How Does Cold Weather and Climate Affect Eczema?
Eczema is a condition that causes your skin to become irritated and inflamed. It affects approximately 10 to 20 percent of babies and roughly 3 percent of adults. Unfortunately, there is no cure for the disease, but proper treatment can control it. All types of eczema, whether it be atopic dermatitis, hand eczema or contact dermatitis, can cause redness, itching and inflammation in the skin.
Change In The Weather
“The cold weather and decreased moisture in the air dehydrates the skin, making it more sensitive to irritants in the environment,” says Dr. Miriam Hanson, board certified dermatologist at Sanova Dermatology in Austin, Texas. “For patients with eczema prone skin, this can be a problem.” Moving between the cold outdoors and a hot and dry home or work can further aggravate symptoms.
Cool Down The Irritation
Many eczema patients note that specific triggers can exacerbate their skin disease. It is important to learn what your triggers are, and then try to avoid them, especially during cool weather when the skin is so sensitive. Some of the triggers are detergents, soaps, and disinfectants. Allergic contact dermatitis is more common in individuals with atopic dermatitis, and can experience flare after exposed to allergens. You should eliminate products with fragrance from your daily routine. Instead, find unscented and mild cosmetics that do not contain additives or chemicals.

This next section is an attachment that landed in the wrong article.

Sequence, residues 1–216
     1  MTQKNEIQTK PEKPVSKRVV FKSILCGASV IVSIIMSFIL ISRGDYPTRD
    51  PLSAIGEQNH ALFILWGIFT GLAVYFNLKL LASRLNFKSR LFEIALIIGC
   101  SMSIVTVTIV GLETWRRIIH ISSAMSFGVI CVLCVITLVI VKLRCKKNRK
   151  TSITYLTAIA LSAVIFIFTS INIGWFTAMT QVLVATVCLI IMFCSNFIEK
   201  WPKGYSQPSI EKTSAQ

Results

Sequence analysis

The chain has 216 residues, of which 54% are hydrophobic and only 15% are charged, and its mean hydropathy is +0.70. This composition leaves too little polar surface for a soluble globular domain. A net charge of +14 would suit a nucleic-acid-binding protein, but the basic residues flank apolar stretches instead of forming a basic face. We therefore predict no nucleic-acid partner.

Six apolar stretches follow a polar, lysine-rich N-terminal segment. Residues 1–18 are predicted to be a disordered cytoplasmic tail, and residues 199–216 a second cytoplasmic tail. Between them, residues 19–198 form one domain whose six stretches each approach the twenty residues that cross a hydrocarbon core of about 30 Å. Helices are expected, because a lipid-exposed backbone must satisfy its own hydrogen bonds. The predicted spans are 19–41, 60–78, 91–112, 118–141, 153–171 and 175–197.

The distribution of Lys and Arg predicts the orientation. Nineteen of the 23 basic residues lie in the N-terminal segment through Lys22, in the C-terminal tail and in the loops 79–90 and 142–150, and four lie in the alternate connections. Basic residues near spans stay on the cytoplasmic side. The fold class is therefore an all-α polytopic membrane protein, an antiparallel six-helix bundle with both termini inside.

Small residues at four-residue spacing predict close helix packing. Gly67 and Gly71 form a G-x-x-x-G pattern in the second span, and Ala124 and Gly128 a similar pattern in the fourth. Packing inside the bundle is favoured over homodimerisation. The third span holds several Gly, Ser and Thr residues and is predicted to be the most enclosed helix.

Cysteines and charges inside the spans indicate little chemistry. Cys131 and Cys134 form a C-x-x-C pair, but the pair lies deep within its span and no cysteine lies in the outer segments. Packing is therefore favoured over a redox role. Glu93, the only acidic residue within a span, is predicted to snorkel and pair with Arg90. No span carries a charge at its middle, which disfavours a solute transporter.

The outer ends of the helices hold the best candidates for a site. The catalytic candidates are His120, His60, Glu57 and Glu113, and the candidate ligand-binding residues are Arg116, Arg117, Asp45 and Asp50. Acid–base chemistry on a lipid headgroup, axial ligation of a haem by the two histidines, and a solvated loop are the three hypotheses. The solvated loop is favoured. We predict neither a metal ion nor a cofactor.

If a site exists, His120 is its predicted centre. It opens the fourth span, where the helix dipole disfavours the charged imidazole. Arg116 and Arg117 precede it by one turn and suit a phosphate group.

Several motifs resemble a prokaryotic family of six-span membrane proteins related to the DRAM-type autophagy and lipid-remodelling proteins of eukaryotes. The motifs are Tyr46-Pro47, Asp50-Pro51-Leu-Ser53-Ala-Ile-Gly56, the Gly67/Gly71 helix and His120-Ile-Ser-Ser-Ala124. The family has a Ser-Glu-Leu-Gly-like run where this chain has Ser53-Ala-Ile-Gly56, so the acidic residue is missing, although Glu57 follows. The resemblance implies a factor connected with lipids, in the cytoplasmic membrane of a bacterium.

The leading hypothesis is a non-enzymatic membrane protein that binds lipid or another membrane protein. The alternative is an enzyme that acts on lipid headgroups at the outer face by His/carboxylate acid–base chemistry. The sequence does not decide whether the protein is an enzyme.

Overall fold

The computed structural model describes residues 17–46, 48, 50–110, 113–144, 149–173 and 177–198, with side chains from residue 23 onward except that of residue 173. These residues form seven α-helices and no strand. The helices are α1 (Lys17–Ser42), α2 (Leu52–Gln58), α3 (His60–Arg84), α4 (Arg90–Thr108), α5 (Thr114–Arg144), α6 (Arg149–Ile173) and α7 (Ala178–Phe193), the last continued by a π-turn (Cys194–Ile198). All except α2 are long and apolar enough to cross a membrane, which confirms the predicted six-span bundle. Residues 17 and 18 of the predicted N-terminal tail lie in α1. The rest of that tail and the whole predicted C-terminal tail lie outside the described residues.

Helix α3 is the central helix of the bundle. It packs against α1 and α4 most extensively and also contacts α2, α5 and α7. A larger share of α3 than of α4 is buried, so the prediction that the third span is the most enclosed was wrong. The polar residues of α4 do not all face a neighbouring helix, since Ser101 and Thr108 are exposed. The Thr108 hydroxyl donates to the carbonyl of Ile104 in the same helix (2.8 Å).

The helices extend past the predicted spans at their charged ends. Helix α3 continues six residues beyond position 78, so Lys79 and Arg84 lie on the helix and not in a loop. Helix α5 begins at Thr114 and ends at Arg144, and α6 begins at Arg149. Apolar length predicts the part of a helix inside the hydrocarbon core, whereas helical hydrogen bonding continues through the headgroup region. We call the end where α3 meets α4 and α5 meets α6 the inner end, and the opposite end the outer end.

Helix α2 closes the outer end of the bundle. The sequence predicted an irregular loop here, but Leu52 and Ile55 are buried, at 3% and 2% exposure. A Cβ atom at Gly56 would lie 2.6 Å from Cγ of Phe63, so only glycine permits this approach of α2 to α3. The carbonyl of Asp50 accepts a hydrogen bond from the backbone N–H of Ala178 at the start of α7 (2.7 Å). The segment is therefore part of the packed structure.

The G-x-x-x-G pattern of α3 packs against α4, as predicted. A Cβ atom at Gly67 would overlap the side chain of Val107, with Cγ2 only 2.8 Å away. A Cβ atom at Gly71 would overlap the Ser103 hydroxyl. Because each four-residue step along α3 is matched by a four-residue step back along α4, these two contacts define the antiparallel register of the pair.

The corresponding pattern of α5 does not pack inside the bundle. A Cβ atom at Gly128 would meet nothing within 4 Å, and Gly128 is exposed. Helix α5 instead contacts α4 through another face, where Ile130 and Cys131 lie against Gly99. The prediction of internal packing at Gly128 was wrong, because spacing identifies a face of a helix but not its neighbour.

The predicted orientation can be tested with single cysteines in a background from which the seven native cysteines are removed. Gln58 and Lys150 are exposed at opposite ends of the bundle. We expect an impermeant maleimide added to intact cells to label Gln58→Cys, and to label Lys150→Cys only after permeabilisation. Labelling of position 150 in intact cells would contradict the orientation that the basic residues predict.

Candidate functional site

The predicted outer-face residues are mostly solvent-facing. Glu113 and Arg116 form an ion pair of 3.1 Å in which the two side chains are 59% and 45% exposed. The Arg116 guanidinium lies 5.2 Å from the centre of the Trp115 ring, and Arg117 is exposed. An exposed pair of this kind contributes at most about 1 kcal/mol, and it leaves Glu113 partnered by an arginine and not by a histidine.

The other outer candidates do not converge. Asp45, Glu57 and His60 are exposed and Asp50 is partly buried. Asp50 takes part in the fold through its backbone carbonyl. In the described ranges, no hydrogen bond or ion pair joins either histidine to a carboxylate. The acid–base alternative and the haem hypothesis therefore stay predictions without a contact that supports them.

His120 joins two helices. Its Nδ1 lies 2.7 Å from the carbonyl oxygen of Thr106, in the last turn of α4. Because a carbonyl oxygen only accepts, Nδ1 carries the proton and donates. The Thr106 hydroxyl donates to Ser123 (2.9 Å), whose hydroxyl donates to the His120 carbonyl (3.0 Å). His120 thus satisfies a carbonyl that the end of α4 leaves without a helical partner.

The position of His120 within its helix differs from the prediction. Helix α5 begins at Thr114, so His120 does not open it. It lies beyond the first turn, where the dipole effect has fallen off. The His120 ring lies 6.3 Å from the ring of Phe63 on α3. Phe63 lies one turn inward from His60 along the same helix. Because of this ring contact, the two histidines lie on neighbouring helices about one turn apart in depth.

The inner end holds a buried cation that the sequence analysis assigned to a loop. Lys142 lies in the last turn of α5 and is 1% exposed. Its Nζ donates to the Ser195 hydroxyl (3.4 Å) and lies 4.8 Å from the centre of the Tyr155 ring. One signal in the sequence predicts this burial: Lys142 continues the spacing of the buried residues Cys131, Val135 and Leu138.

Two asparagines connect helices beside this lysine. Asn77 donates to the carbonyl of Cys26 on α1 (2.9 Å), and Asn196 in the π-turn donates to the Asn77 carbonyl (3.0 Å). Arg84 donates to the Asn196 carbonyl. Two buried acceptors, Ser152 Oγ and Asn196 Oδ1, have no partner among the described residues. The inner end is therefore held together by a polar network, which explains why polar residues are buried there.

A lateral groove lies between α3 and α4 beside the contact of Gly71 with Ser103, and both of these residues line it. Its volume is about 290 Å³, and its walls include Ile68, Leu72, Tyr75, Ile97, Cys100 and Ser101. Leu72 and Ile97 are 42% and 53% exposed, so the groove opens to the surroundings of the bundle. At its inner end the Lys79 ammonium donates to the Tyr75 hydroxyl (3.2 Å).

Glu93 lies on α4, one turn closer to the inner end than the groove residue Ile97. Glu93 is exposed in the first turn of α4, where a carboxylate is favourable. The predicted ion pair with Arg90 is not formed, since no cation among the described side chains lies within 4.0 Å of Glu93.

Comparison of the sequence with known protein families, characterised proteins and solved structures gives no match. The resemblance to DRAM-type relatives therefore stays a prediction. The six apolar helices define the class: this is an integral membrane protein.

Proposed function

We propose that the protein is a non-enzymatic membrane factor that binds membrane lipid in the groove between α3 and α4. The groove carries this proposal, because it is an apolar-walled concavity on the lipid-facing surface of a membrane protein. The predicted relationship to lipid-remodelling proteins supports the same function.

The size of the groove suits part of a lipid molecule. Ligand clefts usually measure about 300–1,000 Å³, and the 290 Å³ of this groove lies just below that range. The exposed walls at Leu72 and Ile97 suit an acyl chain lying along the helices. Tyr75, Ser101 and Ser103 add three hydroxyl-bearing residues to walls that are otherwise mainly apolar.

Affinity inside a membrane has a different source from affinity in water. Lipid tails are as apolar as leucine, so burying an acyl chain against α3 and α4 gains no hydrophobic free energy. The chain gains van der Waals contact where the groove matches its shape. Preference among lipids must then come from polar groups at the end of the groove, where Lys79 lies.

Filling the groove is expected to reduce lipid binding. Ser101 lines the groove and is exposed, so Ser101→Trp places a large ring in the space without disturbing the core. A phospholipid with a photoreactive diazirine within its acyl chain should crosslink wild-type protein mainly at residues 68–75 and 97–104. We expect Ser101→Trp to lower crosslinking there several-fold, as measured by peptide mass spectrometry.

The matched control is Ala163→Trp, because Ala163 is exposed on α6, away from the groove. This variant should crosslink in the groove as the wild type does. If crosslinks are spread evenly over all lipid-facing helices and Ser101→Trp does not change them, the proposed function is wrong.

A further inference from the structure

“It would be nice, but unfortunately we can’t write a prescription for the beach,” says Dr. Hanson. “But there are other ways to restore moisture to the skin in the winter.” You can treat your eczema by moisturizing your skin daily, and using a humidifier to help your skin adapt to the changes in the environment. Another good tip is to bathe in lukewarm or room-temperature water, because hot water can further dehydrate the skin and cause a flare-up. Your dermatologist can also advise on using topical steroids and recommend other treatments like phototherapy to manage your disease during cooler trying times.
For more information on managing your eczema and to help gain control of your skin disease, please contact us today.